The falling of the books… is a subjective reading of the Library of It's Moving from I to it, FormContent's current program.
It's Moving from I to It is a 15-month program on visual language, abstraction, disappearance and the object. With a nomadic format and limited time span, it uses fiction as its main tool to reflect on cultural production. The program takes the format of a script and develops gradually through insertion of scenes, which can be either commissioned texts, events and exhibitions based on an outline written by FormContent. Its focus is on the role of language as a structuring device, on nomadism in relation to hosting, on knowledge production and questions of authorship.
The falling of the books... is conceived as an open structure to generate an overlap of interests, it is framed as a cumulative number of sections, open to other institutions and conceptual entities to add materials and exchange content, but also as a platform to host events and activate its content. It has been conceived by FormContent in dialogue with Beirut, and is structured through five sections, each existing out of a mixture of materials such as You Tube video's, music files, documentation of lectures, books, excerpts of texts, images and artworks by Åbäke, Goldin+Senneby, Oliver Laric, Pilvi Takala, Harald Thys and Jos De Gruyter. The materials have been suggested by the various contributors to the program of FormContent, Kunsthalle Lissabon and Beirut.
Section 1 - A movement from I to It
This section is focused on notions of nomadism and hosting, which can be addressed from the perspective of the institution towards its public, the artists towards their environment or the subject in relation to the artwork.
With readings by Hannah Arendt, Maurice Blanchot, Sylvère Lotringer, Pier Paolo Pasolini, Francesco Pedraglio, Sam Shepard, Laurence Sterne, Pieternel Vermoortel and Virginia Woolf; and images and artworks by Michaël Borremans, Bartolome Esteban Murillo, Emmet Gowin, Howard Hawks and Klaus Nomi, among others.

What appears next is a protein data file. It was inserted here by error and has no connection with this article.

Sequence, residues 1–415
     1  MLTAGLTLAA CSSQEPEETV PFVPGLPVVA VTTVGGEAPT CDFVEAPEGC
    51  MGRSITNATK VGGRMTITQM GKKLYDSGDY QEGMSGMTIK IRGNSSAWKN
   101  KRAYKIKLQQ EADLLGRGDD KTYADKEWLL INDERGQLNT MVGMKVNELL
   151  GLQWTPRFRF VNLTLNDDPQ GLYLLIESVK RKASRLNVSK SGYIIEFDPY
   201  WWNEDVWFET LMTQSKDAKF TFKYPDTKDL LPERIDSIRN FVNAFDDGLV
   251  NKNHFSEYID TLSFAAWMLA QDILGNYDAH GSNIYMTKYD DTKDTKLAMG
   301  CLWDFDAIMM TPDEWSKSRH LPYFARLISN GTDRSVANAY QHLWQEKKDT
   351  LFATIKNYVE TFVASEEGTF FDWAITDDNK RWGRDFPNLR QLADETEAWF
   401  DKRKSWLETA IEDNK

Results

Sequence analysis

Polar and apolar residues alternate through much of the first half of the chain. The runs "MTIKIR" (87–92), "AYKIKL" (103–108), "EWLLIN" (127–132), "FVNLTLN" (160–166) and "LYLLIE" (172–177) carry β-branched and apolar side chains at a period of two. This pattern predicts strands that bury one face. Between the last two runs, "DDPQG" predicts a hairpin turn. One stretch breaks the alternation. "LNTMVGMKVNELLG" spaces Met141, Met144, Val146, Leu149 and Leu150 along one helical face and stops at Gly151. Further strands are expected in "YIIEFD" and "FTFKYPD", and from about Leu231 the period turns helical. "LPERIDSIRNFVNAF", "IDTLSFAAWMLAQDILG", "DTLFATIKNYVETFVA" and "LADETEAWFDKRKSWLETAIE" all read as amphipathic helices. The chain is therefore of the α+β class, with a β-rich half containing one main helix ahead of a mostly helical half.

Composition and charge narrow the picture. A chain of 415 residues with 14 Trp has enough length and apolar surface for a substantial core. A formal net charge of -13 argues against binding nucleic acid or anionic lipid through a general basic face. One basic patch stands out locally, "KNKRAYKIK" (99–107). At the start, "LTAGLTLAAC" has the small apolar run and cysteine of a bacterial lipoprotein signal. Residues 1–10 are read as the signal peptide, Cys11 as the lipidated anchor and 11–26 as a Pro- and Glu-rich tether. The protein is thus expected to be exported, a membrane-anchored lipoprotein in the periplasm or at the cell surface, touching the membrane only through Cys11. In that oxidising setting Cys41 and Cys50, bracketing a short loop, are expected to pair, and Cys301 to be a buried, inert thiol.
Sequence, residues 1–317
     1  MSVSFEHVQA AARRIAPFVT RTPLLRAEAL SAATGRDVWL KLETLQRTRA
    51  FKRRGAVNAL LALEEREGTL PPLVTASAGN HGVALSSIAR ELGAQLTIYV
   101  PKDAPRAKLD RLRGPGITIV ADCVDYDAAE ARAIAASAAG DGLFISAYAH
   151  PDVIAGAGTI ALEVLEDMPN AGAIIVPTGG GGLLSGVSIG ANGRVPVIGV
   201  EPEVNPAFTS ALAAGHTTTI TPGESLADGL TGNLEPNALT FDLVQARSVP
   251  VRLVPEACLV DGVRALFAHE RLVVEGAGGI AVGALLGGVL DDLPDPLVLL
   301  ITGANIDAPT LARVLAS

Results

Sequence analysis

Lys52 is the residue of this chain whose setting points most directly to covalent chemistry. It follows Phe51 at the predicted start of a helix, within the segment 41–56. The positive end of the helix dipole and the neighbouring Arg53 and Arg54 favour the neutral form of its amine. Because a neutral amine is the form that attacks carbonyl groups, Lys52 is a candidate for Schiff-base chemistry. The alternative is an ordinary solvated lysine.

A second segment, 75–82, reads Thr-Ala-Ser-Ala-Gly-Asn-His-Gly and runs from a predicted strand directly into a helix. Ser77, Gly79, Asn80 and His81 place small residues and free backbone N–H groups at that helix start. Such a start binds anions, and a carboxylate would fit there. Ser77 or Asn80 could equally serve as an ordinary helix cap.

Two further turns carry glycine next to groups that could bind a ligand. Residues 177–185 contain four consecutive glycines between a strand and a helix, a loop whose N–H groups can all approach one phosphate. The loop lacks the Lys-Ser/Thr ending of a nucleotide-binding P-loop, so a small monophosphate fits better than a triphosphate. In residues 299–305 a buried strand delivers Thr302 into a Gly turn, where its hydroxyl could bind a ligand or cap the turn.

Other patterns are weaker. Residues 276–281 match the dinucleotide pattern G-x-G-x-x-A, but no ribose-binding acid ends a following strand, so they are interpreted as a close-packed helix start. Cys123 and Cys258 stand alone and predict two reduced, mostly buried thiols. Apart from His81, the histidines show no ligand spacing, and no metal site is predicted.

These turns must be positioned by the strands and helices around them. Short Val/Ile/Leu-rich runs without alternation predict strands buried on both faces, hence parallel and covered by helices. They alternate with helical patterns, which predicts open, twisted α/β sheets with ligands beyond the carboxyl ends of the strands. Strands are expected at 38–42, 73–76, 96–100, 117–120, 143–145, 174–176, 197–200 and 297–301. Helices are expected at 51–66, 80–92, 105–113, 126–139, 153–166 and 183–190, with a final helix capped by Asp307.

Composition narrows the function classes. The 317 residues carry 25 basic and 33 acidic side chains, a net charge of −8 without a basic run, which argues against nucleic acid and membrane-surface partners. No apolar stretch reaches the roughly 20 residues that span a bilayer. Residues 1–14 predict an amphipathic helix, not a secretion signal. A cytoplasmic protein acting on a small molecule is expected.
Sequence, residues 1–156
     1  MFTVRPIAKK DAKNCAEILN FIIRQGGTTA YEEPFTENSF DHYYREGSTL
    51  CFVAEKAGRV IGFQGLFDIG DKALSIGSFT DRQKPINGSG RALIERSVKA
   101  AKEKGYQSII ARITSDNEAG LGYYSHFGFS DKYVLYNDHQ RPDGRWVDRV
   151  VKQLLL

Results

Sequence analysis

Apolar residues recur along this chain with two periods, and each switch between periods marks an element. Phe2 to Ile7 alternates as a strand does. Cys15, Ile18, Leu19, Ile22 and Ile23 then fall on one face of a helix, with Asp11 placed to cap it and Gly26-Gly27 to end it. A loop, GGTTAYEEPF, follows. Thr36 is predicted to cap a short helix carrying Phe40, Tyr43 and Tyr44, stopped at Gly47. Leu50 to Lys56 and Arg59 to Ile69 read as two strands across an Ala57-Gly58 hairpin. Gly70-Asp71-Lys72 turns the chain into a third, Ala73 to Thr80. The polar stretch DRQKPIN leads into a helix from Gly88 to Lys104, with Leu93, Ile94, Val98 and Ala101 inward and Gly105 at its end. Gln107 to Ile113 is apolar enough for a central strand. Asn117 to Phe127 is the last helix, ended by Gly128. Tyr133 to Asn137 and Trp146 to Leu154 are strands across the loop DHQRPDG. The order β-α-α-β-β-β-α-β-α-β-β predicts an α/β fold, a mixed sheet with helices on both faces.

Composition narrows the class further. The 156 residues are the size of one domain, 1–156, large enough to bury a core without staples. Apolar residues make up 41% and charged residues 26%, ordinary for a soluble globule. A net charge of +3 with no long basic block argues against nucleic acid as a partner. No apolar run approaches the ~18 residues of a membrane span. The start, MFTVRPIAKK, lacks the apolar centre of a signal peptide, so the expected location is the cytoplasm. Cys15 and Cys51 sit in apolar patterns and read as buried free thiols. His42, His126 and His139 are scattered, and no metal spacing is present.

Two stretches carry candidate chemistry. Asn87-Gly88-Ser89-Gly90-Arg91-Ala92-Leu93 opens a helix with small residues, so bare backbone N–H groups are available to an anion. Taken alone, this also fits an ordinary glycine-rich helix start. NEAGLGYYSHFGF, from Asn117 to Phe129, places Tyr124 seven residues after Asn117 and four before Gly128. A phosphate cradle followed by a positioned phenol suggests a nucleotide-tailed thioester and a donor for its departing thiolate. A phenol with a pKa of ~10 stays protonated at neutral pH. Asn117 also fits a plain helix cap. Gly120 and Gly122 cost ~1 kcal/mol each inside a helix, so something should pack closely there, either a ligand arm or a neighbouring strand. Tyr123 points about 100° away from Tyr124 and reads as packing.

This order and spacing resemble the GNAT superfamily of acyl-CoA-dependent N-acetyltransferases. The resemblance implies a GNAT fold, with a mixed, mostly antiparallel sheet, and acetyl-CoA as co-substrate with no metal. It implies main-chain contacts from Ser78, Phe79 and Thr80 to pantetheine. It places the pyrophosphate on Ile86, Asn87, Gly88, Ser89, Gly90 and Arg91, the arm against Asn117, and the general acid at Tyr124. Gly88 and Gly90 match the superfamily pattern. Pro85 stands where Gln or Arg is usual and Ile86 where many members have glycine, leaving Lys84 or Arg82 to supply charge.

Section 2 - The librarian
This section is centered on the ownership and distribution of information: the question of authorship and our ability to recognize or blur it. How much structure is needed for the viewer to understand a singular manifestation? How much information is needed for cultural production, for commissioning, for distribution? WIth readings by T.S. Eliot, Vilém Flusser, Witold Gombrowicz, Richard Hughes, Thomas Mann, Luigi Pirandello and Anca Rujoiu; and videos by John Berger and Andrew Kerton, among others.
Section 3 - How am I talking
A question that applies to FormContent, and other spaces of practice, as an institution. This section explores the use of fiction in assembling a program, the types of language that are used to create an institution and the impact of narrative both on the works of art and their distribution. How do artistic practices relate to an outside environment? With readings by Gregory Bateson, Paul Becker, Jorge Luis Borges, Julia Calver, Gilles Deleuze and Chris Kraus; and images and artworks by Cecil Beaton, Oliver Laric, Titian, Harald Thys and Jos de Gruyter, among others.
Section 4 - Tell Me What You Are, What You Really, Really Are
The section of a fragment, or vice versa, on the tangible and intangible of an (art) institution, what it is and what it stages to be, between the lines of 'Willkür' (or arbitrariness) and political will. What is inside and what is outside? How does its existence within a historical context differ from subjective memories and imaginations? Can we read an institution as anti-hero, or as open form that is 'perceptively ambiguous'? With readings by Mikhail Bulgakov, Nina Möntmann, Gerald Raunig and Khalil Rabah; and images and artworks by Åbäke, Aurélien Froment, Sture Johannesson and Roman Ondak, among others.
Section 5 - Agnosia – but not a matter of disease
By taking visual associative agnosia as a starting point, a reference, or simply a metaphor, this section explores the ambiguous relation between (art) institutions (and the institution of art) and their variety of audiences. It looks into the lack or difficulty of (mutual) recognition, the unconscious or consciously produced misperceptions and misinterpretations, and what these create. With readings by Charles Esche, Herman Melville, Jacques Ranciere and Jan Verwoert; and images and artworks by Bas Jan Ader, Pilvi Takala and Isidoro Valcarcel Medina, among others.
The Falling of the Books... was made possible with technical support from Townhouse Gallery.